This sounds complicated, but it's easy to get the hang of, and the game does a good job of pointing out gaps in your economic chain. If your mints aren't pumping enough gold into your coffers because you are low on the coal they need, a little icon will appear over the building in need to let you know. Matches can be challenging nonetheless, and resource imbalances may require you to approach things a little differently every time. For instance, you might need to gather wood on barren land. In that case, you need to add a forester annex to a lodge, and because main structures can only have three additions attached to them, space restrictions can become a concern. If you find there aren't many gold mines to empty, you can make beer to sell at your tavern, though then you are redirecting a resource used to attract clerics to your realm. You're constantly forced to make adjustments throughout the course of a single match, and failing to pay attention can have disastrous consequences.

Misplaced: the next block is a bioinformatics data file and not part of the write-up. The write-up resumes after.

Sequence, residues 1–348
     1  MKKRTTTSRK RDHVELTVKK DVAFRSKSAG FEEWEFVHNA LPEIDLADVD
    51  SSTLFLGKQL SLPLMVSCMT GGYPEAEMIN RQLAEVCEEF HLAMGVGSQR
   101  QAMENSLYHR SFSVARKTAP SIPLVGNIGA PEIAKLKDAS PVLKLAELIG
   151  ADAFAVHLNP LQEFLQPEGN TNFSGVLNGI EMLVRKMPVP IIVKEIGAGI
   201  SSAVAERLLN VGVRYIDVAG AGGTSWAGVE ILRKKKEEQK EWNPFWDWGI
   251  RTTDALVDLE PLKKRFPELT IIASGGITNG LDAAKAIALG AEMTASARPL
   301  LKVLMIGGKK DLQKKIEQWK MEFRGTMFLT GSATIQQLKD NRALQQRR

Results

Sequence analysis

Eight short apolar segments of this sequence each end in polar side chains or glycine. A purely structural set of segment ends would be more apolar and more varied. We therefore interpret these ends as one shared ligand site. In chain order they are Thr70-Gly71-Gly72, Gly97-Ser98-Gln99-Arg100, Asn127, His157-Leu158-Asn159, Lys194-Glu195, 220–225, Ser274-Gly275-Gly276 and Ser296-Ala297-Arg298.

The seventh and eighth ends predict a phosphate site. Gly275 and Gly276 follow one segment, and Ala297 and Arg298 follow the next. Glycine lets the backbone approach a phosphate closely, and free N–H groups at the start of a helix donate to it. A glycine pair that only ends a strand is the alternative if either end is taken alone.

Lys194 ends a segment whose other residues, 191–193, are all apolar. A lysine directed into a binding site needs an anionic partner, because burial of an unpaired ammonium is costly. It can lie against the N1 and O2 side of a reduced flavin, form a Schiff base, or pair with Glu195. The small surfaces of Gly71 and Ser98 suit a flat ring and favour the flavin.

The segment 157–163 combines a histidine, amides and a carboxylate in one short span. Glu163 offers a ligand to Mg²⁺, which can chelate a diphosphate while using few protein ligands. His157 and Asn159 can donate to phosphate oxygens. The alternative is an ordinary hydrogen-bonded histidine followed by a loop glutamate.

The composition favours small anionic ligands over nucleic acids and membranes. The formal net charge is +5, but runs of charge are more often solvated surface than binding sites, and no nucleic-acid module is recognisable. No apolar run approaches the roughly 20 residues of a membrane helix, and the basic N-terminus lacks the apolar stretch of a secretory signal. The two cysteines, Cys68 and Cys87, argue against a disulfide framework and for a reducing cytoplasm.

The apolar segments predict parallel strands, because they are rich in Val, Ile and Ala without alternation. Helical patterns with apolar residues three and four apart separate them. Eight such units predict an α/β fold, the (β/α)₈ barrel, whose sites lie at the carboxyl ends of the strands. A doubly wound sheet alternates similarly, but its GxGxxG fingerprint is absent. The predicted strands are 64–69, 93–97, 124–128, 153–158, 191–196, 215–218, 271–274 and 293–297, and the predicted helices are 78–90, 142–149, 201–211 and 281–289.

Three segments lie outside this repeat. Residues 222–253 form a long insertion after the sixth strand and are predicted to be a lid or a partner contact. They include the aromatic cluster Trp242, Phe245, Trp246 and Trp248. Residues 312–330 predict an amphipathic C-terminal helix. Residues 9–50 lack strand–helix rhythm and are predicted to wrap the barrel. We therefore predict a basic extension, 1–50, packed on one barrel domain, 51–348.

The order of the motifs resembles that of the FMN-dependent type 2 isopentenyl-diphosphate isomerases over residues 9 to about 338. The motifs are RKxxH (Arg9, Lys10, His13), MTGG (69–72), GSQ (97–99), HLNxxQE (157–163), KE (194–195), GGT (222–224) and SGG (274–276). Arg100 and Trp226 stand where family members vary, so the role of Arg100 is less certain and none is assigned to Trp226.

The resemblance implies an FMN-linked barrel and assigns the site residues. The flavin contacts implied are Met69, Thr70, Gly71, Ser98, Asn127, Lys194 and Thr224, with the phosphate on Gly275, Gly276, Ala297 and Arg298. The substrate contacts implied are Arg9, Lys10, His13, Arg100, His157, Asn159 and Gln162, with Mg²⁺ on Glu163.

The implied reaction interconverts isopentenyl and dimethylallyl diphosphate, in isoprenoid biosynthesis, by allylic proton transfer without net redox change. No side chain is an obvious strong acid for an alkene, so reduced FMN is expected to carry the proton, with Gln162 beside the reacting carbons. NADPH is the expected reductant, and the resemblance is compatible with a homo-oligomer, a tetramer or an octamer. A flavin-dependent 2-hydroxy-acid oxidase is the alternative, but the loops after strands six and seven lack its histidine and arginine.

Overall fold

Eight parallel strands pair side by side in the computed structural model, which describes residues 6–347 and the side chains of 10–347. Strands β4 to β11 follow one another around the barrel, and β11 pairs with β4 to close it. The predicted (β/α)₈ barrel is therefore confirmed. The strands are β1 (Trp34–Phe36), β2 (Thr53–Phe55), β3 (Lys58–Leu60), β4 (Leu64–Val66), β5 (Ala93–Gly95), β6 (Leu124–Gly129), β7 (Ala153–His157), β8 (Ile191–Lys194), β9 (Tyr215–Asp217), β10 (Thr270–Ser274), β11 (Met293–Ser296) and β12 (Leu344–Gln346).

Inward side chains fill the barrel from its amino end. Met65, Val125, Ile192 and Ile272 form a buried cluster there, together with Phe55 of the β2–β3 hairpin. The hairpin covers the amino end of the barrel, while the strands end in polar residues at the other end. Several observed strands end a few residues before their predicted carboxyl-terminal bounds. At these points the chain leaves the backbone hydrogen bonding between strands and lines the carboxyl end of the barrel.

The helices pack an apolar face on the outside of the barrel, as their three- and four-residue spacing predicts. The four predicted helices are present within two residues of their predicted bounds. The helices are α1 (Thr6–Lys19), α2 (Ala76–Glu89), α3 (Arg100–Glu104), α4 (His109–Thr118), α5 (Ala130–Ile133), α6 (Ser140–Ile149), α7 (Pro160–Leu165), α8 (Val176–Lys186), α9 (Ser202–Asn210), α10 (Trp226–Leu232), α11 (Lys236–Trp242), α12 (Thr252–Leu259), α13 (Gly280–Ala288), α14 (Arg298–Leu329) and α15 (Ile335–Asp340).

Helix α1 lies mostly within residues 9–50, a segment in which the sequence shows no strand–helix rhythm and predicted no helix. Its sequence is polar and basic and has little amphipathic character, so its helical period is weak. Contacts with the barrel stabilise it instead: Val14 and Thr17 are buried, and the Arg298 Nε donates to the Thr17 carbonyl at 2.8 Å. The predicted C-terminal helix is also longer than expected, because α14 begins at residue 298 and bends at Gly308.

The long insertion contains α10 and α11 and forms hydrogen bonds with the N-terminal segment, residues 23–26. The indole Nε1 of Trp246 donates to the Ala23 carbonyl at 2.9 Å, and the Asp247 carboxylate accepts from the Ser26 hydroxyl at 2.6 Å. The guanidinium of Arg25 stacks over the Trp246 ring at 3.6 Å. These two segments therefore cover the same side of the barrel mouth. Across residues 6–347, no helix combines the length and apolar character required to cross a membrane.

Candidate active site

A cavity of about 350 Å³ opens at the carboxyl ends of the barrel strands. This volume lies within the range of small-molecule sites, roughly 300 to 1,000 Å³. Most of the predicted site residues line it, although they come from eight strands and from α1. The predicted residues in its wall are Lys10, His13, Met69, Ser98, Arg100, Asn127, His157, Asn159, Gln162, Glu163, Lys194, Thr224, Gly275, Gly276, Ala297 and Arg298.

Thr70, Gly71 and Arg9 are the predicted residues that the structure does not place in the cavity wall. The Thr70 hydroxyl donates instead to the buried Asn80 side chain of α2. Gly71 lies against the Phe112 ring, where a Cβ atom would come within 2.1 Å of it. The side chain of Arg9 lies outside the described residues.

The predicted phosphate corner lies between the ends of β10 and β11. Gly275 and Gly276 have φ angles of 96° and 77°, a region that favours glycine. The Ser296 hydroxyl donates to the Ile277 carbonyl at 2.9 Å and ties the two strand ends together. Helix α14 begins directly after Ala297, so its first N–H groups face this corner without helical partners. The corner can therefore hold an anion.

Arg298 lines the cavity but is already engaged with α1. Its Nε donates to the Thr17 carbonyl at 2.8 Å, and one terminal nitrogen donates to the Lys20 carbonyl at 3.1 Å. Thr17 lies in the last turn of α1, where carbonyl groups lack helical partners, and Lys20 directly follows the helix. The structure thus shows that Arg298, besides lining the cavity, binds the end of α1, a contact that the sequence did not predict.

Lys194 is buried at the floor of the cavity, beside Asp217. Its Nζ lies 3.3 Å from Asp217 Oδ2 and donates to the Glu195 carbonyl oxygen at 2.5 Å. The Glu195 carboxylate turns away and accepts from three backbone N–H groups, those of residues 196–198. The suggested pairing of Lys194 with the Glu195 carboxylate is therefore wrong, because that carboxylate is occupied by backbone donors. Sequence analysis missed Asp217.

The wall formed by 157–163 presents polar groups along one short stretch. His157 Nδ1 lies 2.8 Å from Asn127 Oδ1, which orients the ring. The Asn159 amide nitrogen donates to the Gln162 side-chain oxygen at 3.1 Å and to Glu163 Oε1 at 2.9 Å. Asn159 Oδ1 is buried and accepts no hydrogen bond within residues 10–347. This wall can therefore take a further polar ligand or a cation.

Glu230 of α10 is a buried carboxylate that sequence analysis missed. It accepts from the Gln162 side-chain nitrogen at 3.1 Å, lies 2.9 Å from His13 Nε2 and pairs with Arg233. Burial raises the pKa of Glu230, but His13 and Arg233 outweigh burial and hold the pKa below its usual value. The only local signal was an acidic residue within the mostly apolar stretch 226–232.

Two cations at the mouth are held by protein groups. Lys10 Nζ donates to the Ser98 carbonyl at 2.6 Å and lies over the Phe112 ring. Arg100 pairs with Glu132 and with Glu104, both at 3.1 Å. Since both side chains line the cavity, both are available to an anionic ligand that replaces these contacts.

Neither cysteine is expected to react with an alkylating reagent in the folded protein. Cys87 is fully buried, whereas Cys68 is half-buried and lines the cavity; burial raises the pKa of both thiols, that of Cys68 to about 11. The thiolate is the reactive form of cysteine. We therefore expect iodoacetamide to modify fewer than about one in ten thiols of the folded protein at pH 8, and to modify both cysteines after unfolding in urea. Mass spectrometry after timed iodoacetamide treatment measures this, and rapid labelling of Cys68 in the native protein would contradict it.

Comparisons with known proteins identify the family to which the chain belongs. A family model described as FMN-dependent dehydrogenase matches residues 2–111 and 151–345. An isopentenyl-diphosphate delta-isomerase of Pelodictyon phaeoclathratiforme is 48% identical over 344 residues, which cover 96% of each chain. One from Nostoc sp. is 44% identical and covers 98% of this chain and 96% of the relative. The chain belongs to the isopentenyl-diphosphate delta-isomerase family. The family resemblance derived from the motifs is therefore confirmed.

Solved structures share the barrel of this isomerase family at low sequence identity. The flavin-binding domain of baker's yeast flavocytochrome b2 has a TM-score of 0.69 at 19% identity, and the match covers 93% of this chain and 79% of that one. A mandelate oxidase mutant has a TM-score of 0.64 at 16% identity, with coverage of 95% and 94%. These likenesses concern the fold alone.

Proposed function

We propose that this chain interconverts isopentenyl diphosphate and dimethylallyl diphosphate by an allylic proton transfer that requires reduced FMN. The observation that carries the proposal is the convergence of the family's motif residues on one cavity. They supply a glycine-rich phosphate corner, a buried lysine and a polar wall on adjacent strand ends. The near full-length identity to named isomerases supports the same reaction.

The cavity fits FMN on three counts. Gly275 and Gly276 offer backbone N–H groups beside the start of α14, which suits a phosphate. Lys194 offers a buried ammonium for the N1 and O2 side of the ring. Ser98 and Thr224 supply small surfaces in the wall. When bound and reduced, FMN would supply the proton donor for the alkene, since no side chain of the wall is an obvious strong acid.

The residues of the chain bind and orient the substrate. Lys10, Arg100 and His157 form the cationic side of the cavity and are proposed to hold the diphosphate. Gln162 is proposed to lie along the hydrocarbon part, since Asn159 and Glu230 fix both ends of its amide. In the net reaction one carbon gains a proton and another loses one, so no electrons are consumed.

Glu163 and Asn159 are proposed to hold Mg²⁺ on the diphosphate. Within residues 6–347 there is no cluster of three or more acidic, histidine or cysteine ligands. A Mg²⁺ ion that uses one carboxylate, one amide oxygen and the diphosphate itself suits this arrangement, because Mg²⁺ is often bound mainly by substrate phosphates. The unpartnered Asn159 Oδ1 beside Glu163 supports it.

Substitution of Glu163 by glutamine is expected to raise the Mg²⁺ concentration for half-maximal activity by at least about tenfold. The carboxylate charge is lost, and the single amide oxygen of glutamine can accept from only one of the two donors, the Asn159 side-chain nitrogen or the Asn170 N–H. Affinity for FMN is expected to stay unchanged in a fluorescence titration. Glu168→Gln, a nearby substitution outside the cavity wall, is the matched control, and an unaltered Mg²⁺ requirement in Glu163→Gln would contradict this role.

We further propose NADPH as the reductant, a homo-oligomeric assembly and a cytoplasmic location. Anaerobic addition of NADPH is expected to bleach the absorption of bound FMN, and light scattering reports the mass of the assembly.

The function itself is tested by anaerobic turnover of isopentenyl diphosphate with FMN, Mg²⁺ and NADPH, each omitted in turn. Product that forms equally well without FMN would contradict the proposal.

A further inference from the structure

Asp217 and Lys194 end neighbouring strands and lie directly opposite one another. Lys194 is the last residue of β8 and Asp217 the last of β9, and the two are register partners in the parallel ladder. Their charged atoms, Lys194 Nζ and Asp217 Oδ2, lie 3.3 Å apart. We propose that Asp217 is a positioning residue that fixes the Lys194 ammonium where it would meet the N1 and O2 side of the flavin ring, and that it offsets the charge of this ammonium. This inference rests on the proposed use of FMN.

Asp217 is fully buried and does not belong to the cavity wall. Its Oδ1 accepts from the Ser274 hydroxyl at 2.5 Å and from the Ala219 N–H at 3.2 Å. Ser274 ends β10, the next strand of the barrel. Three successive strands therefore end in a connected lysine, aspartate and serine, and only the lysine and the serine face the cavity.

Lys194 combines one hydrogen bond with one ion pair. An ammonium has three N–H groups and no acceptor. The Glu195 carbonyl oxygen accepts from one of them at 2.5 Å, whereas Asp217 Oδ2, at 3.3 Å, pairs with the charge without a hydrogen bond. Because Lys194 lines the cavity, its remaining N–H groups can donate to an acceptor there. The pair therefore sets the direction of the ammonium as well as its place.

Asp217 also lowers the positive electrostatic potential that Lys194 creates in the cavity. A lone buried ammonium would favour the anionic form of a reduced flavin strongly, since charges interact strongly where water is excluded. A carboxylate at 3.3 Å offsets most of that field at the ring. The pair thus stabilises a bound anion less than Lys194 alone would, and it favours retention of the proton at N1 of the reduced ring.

There are times when you'll wish the game made it easier to keep track of things. In a typical match, you'll start expanding your kingdom quickly, and space restrictions might require you to place important structures in settlements other than your primary one. In time, it can become a burden to keep track of a stronghold (for creating troops), a church (for producing men of the cloth), and an export office (for hiring traders). Hotkeys or icons that let you quickly jump to these crucial buildings, along with your all-important tavern, would have been incredibly helpful. As it is, you need to remember where you placed such structures, and when you scroll to that settlement, you must be able to visually identify the structure in question so you can click on it. Other interface improvements would also have been welcome (being able to click on the icons in the build queue to jump directly to that structure, for example), but some flaws aside, it's easy to get around the map by scrolling or clicking on various nodes on the skeletal minimap. If you scroll all the way out, you'll switch to a helpful bird's-eye view that shows you where resources are located, the status of the opposition's expansion, and other helpful tidbits.